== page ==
As an animal disease center Plum Island has been the focus of many dark government conspiracies, from top secret biological weapon experimentation during the Cold War to the working ground for Nazi scientists recruited after World War II.
Perhaps scientific experimentation mixed with government classification is just a hotbed for saucy conspiracies, or maybe there is more to Plum Island than we suspect.
A more recent theory is that Lyme disease escaped from Plum Island, which may be the most plausible conspiracy theory yet. The theory went mainstream in 2004 with Michael C. Carroll’s book, Lab 257: The Disturbing Story of the Government’s Secret Plum Island Germ Laboratory.
Plum Island is located off the coast of Long Island, New York. It was used as a military base during the Spanish-American war and in 1954 was turned into a government animal disease center.The center was established to study foot-and-mouth disease in cattle, a highly contagious disease that is rare in humans but can ravage farms and the livestock industry.
While the center was run by the United States Department of Agriculture, in 2002 during talks of selling the island it was transferred to the United States Department of Homeland Security.
The reason some believe Lyme disease escaped Plum Island is because the island is located just a few miles off the coast of Lyme, Connecticut, which is where the first outbreak of Lyme was observed in 1975. While scientists say that all animals on the island are killed to prevent the possible spread of diseases, conspiracy theorists argue that birds regularly fly between the island and the mainland and thus are able to spread any diseases they may pick up.
“I don’t know if Lyme came from Plum Island,” said April Ferguson*, who is a chief strategy officer for a Hudson Valley policy-oriented think tank, “but it’s weird that no one wants to talk about it, doctors are scared to treat and diagnose it, [and] the government doesn’t talk about it.”
Ferguson started considering a link between Lyme disease and Plum Island after she saw a press release describing how the Centers for Disease Control were closing a Texas A & M University biodefense lab due to outbreaks of Brucella and Coxiella burnetii. Brucella and Coxiella burnetii are both tick-borne bacterial pathogens. This led Ferguson to wonder about Plum Island. Both the lab at Plum Island and the one at Texas A&M are Biosafety Level 3 labs and study similar infectious diseases such as foot-and-mouth disease, avian influenza, and Rift Valley fever.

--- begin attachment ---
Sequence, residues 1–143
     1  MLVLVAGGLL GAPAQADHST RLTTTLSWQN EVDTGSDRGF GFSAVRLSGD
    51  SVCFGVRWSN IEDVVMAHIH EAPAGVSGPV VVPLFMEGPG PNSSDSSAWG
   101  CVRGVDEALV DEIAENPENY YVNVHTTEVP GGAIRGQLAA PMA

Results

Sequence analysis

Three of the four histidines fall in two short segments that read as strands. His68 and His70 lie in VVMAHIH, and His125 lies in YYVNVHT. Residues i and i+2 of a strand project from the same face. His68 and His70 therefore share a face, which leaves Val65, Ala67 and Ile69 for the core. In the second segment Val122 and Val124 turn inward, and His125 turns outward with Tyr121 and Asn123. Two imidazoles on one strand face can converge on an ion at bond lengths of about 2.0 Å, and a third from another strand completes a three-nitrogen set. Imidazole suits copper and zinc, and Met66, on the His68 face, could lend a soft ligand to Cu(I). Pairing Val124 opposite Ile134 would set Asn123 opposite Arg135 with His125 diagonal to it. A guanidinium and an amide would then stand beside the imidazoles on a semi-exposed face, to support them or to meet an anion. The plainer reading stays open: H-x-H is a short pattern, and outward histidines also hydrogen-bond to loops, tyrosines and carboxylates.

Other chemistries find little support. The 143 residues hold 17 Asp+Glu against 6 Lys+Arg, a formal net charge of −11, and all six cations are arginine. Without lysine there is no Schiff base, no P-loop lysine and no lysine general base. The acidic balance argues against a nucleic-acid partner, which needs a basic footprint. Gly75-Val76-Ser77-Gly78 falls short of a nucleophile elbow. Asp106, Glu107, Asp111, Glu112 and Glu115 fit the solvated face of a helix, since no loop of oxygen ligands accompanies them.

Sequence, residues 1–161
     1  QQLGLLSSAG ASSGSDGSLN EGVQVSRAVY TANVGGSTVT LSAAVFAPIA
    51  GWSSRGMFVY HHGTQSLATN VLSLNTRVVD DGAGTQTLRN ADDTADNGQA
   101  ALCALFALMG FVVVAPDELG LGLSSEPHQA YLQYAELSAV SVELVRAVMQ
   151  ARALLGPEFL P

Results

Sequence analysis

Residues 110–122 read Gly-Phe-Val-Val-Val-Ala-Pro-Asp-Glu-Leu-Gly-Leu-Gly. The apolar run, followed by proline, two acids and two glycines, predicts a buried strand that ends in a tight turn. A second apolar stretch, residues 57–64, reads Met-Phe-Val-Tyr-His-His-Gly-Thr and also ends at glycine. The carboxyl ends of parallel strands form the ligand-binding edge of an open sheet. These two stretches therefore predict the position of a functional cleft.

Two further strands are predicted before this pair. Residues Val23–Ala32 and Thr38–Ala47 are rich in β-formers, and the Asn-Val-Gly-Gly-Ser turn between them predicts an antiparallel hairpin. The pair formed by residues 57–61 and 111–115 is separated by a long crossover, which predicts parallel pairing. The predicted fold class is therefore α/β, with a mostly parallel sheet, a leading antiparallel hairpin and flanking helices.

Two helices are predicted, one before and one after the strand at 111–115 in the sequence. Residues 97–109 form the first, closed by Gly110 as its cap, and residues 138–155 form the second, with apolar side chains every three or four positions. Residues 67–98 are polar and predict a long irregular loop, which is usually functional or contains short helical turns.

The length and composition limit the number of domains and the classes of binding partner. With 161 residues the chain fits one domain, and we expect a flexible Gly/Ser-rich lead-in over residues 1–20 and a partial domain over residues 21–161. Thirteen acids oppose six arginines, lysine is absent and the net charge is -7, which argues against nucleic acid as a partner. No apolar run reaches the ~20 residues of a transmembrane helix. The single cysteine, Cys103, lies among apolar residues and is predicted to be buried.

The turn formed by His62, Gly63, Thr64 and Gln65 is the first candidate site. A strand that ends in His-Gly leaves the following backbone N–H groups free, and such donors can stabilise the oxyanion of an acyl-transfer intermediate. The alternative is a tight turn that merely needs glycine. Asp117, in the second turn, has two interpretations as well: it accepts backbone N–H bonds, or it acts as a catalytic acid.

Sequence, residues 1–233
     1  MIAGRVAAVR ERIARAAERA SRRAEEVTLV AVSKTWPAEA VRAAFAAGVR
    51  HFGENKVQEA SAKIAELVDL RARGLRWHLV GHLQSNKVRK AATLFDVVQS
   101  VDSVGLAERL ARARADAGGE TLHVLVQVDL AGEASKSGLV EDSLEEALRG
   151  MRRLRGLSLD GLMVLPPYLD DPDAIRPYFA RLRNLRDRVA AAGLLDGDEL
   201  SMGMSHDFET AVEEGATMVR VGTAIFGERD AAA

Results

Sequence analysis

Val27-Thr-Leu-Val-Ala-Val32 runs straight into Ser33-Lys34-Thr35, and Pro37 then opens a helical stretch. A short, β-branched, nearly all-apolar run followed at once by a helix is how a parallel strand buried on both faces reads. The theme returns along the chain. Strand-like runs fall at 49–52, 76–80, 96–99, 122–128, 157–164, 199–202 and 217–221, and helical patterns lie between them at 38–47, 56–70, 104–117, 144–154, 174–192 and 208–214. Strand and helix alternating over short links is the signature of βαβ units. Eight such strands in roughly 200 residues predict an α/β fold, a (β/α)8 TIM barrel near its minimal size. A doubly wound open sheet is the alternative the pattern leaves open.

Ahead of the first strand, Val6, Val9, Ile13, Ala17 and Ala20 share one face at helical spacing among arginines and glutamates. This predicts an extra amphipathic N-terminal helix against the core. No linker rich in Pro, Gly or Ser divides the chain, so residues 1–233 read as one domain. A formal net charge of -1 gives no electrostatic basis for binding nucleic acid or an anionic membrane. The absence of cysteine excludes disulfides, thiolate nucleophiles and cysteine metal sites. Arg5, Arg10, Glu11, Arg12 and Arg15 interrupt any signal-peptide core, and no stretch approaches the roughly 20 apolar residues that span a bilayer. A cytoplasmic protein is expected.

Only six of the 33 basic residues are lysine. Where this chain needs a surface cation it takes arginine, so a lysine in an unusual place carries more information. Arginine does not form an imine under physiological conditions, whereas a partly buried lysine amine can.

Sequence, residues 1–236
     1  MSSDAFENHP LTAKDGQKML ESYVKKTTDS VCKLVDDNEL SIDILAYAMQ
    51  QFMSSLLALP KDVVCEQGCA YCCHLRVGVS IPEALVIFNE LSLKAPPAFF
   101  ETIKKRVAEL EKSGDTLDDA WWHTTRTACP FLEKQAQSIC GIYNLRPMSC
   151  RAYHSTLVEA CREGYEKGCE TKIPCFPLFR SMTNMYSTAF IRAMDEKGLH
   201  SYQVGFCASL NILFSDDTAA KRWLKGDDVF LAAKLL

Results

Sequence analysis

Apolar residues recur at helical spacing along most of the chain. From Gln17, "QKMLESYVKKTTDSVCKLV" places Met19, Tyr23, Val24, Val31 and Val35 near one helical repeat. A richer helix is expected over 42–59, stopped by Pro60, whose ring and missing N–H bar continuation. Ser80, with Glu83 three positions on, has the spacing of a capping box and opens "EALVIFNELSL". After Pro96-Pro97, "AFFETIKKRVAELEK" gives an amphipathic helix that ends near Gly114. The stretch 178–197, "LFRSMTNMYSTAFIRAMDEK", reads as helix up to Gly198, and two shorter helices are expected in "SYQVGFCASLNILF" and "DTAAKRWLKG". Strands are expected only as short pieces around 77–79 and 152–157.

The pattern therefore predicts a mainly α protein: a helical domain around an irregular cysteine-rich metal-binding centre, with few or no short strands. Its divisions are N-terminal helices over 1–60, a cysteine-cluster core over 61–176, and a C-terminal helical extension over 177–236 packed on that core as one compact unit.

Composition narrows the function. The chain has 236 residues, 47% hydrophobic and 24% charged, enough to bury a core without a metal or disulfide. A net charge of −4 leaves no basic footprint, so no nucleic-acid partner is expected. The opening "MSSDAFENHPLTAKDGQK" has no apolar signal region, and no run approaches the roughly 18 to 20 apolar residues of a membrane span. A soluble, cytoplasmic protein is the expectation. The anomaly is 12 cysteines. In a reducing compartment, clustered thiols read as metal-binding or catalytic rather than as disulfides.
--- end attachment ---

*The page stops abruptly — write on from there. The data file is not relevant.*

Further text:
Ferguson represents Lyme patients pro bono as an attorney. She considers the government’s attitude towards Lyme very strange. The number of cases jumped tenfold in one year, she pointed out, and insurance companies don’t cover antibiotics for Lyme, even though one can easily get antibiotics for any other condition. “Lyme disease is taboo and I don’t understand why,” she said.
Jennifer Reid who runs a Lyme Disease support group in Ridgefield, Connecticut, said that the connection between Lyme disease and Plum Island is an “interesting story.” It does not come up during her meetings, though. “People are focused on getting better. They are not looking for someone to blame,” Reid explained. Reid blames climate change and deforestation for the influx of Lyme into suburban communities, including Lyme, Connecticut.
Reid said individuals may turn to conspiracy theories such as the one about Lyme disease and Plum Island when they are frustrated. “It’s very hard for people to understand why we haven’t made more progress,” she said. “They want something to make sense. They don’t understand why it’s (Lyme disease) not taken more seriously and given more attention.”
Indeed, while the relationship between Lyme disease and Plum Island may not be real, what is evident is that Lyme disease leaves a lot of unanswered questions.
From diagnosis to funding and research, many who suffer from Lyme are frustrated, confused and angry at the general state of Lyme disease treatment. Perhaps turning to government coverups on secretive islands isn’t too crazy after all.
*April Ferguson’s name has been changed at her request.